"Ah yes, that little snag. Well, you can always go back to the church, tell them the way east's closed, and I'm sure they'll give you another assignment." -- Roland glowered at him. "Yeah but I don't want to stay in church dominion." -- "Well then, you can stay with the sisterhood, they don't share the zeal of the church and don't answer to the king, hence why the sisters are called rogue." -- "If you hadn't noticed, they're caught up in fighting a war right now." -- "So? You can go help them. Maybe even fight back to the gates of the monastery, and reopen the pass." -- "Aha-- You're kidding. Me, fight the beast?" -- "Oh, you heard about that," said Art, looking crestfallen. "Can you just forget about that part?" -- "You're the one who told everybody about it, now you want us to forget it? Fickle, you are."
"Someone's going to kill the beast eventually." -- "Right then, just holler out to me when that someone does his thing, and I'll be back in a jiffy. But I don't fancy taking on that creature." -- "There are other roles in the war, Roland. Guard, patrol, scouting duties. Logistics and supplies. Trade and diplomacy. Espionage and counterintelligence. None of which will involve you running into the beast. Besides, you can explain this as part of your quest to convert those out east." -- "You seem mighty interested in me fighting for the sisterhood. What's in it for you? Aren't you leaving for good like the rest of us?"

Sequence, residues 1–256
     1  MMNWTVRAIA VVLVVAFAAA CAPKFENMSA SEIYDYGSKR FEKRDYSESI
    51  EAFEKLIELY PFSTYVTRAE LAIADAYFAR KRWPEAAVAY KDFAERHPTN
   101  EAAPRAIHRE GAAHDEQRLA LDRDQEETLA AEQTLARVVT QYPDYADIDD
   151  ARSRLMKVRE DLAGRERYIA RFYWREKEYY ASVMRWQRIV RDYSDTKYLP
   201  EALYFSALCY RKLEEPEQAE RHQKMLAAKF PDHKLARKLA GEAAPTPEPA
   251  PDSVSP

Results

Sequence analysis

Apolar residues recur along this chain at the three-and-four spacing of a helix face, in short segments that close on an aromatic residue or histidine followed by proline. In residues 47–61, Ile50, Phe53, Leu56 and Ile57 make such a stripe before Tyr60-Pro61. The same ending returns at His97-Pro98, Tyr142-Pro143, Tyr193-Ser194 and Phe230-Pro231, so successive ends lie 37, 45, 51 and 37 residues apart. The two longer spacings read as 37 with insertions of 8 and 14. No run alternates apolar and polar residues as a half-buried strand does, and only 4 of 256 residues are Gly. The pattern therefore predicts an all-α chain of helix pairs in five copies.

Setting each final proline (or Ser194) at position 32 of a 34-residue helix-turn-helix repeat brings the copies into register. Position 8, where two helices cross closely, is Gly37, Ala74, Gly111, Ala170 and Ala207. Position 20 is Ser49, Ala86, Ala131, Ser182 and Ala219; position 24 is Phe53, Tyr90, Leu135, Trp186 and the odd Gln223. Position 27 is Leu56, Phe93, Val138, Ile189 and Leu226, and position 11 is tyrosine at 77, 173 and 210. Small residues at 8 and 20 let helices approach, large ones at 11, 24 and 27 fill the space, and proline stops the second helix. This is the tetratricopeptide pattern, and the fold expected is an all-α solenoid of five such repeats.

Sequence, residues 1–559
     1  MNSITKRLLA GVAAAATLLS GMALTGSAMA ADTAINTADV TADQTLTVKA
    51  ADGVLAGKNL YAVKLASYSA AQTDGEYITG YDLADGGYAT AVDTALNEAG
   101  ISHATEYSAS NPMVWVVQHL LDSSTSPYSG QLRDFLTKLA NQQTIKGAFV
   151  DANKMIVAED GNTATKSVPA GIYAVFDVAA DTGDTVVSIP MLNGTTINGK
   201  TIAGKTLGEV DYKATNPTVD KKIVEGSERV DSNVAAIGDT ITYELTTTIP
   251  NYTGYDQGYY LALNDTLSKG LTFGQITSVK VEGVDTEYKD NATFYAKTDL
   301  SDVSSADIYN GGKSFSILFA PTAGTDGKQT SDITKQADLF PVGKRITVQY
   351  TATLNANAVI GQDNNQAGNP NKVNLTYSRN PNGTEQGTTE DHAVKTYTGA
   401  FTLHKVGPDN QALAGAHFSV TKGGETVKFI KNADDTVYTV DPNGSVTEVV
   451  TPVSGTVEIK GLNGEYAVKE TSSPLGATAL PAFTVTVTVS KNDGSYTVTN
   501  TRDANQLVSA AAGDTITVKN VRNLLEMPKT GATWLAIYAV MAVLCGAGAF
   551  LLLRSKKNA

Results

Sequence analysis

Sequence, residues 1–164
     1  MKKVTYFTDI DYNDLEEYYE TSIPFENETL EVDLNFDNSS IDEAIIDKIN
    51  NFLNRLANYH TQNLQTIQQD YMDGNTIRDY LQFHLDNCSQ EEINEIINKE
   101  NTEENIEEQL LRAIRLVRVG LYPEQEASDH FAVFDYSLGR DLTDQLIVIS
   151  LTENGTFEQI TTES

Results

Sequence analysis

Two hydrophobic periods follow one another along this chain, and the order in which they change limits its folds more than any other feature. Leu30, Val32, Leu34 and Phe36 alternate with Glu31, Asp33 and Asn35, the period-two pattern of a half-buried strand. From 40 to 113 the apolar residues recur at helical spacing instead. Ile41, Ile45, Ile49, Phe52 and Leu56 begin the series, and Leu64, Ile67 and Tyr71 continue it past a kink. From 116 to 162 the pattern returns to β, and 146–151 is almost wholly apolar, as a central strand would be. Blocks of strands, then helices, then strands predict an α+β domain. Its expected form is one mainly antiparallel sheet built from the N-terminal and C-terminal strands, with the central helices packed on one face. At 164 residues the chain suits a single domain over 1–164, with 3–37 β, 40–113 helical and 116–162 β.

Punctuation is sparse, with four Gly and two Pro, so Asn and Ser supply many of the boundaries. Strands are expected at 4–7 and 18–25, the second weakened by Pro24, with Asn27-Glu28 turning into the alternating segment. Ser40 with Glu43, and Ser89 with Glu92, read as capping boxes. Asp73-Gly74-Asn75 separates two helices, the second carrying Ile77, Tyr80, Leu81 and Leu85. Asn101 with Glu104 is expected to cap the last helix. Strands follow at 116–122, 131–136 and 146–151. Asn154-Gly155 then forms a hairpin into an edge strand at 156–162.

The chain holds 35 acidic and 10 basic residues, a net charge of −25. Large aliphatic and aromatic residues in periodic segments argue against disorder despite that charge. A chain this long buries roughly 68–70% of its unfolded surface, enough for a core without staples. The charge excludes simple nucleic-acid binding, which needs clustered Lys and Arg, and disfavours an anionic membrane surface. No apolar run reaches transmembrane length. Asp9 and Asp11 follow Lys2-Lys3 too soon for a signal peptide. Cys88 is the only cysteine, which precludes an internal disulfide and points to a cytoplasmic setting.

"Ah, nothing gets past you, does it?" Art said with a sigh, then looked up at the sky, despondent. He thoughts drifted to Selena; where was she, how was she doing? It felt like days since he'd last seen her, and that sense of not knowing the situation back in Thistledown was starting to gnaw at him. He didn't really care for the sisterhood, but he did care about how their war went. So that she and her foster parents Nathan and Penny stayed safe and wouldn't have to worry about imminent attack, he wanted them to win. And since he couldn't do it himself, he needed others to fight for the cause.
"Yes," replied Art, still staring off. "I want to see the pass reopened. And yes, I have a vested interest in the matter. You know, there's lots of people will be wanting to head east. The sisterhood's going to have to keep turning them away, until they regain the pass or someone else -- maybe the king -- secures it. Merchants will be left unable to trade their wares, and the whole of two civilizations will be made so much the poorer for it." Then he looked At Roland. "If you attended the trial or heard about it, then you should know: I did help the sisterhood fight. And were it up to me, I'd go back in a heartbeat and fight to defend the people of Thistledown, some of them people I care very much for. But it's not an option for me. With the wound I took, I can't quite go back into the fight. You can."